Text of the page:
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Inhalants include commonly used household products such as fingernail polish remover, gasoline, glues, cigarette lighter fluid, nitrous oxide, and paint thinner. Other inhalants include fluorinated hydrocarbons found in aerosol products, such as spirit-based markers, spirit-based liquid paper, paint spray, hair spray, and even computer cleaners. When the fumes from these products are sniffed, a type of mind-altering sensation may be experienced. Unlike alcoholic beverages, which all contain the same mind-altering drug (alcohol), inhalants contain many different types of chemicals, which makes it difficult to predict how people will be affected.

Effects of Inhalant Use

Inhalants cause chemical changes in the brain and nervous system. Some of these effects disappear after a short time, but some can be permanent. For example, frequent use of certain inhalants can cause irreversible damage to nerves in the back and legs (polyneuropathy). In addition, the direct effect of inhalant use on the cerebellum and the cortex can result in abnormalities in movement and thinking. Inhalant users are also at risk for Sudden Sniffing Death (SSD). Death actually occurs through suffocation when the fumes take the place of oxygen in the lungs and central nervous system. Cardiac arrest has also been caused when certain inhalants disrupt the heart rhythm.

Muscle weakness and hepatitis also frequently develop in chronic users of these products. Particular inhalants decrease the number of red and white blood cells in the body, which can result in potentially fatal aplastic anemia. Benzene found in gasoline is related to the development of leukemia, a cancer of the white blood cells. Obviously, lead poisoning is connected to sniffing certain types of gasoline.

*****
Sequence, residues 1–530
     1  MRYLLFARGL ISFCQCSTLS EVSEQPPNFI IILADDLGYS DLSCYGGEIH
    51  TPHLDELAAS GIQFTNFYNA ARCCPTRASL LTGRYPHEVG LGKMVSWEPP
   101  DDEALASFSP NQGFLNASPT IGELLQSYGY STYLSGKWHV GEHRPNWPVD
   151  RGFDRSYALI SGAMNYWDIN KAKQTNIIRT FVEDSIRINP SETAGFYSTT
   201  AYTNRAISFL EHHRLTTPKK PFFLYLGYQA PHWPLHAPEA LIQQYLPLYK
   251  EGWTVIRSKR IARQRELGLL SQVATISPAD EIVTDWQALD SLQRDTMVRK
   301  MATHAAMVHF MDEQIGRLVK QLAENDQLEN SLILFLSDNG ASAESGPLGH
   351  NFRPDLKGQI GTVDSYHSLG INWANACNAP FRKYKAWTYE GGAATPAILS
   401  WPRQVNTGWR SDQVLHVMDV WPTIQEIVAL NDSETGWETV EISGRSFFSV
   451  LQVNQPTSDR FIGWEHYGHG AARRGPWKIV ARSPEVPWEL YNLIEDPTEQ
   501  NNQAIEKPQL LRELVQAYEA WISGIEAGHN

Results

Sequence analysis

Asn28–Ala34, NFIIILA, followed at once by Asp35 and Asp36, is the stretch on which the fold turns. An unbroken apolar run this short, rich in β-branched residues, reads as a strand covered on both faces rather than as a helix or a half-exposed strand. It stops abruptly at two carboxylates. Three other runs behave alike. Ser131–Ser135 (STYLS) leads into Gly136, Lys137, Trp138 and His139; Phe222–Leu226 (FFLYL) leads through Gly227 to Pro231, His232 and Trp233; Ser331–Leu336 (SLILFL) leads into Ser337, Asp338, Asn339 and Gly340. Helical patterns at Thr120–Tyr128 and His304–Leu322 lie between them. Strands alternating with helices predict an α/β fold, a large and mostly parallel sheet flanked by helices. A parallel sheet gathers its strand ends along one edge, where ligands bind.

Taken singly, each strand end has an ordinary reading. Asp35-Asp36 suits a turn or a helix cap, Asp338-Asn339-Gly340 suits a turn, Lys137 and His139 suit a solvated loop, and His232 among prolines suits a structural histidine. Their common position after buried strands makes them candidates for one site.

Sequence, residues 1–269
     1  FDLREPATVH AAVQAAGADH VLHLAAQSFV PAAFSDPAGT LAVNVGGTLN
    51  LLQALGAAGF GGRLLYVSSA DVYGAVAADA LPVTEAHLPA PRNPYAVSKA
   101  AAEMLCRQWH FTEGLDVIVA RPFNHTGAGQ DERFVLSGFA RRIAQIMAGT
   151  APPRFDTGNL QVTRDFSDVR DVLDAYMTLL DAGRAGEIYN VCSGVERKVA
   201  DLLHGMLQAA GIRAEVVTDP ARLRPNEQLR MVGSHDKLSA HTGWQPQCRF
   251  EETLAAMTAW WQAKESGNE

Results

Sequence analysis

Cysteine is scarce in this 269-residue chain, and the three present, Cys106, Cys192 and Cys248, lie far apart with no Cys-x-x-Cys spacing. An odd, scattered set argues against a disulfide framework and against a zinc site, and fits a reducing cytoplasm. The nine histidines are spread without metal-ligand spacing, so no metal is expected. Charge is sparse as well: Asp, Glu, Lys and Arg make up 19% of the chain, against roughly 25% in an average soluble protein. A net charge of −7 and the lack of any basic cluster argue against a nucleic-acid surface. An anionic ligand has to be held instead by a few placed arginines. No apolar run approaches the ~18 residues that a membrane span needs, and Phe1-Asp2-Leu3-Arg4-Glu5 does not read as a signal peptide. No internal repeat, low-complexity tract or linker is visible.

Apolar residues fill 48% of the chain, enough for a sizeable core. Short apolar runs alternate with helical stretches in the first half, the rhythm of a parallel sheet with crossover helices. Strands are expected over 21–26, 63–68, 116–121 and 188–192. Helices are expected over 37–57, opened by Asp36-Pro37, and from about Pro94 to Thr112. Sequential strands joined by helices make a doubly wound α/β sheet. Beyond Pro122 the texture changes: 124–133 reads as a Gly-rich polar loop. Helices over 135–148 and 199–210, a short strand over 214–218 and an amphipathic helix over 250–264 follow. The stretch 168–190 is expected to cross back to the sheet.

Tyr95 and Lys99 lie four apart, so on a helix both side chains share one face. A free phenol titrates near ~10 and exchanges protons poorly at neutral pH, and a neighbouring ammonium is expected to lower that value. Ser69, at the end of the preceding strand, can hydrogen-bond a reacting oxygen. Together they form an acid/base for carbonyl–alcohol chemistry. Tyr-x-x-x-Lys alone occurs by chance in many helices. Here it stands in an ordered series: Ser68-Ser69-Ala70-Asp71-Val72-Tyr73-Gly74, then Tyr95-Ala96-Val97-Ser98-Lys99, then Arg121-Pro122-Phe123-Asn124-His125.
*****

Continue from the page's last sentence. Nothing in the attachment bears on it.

How Inhalants Work

Because they are breathed, inhalants enter the blood stream rapidly and are then distributed throughout the body. Both the central nervous system (CNS) and the peripheral nervous system (PNS) are subsequently affected. Magnetic imaging techniques show that long-term users of inhalants have marked reduction in certain brain structures, including the cortex, cerebellum, and brainstem. The resulting losses in reasoning abilities and difficulties in balance and coordination attest to these alterations.

Many researchers now believe that the dangers of inhalants are compounded by their attraction to fatty tissue such as myelin. Myelin is a fatty tissue that insulates and protects the branches (axons) of nerve cells, much like insulation around an appliance's electrical cord. The chemicals in inhalants break down the myelin and slow the speed of nerve cell transmissions. This same action may be responsible for the condition mentioned earlier, polyneuropathy. Further, the nerve cell branches themselves may be destroyed. Unfortunately, damaged nerve cells do not regenerate.


The most commonly used inhalants usually do not result in the development of tolerance to the chemicals or physical dependence on the chemicals. Many inhalant users, however, develop a psychological dependence that is difficult to overcome.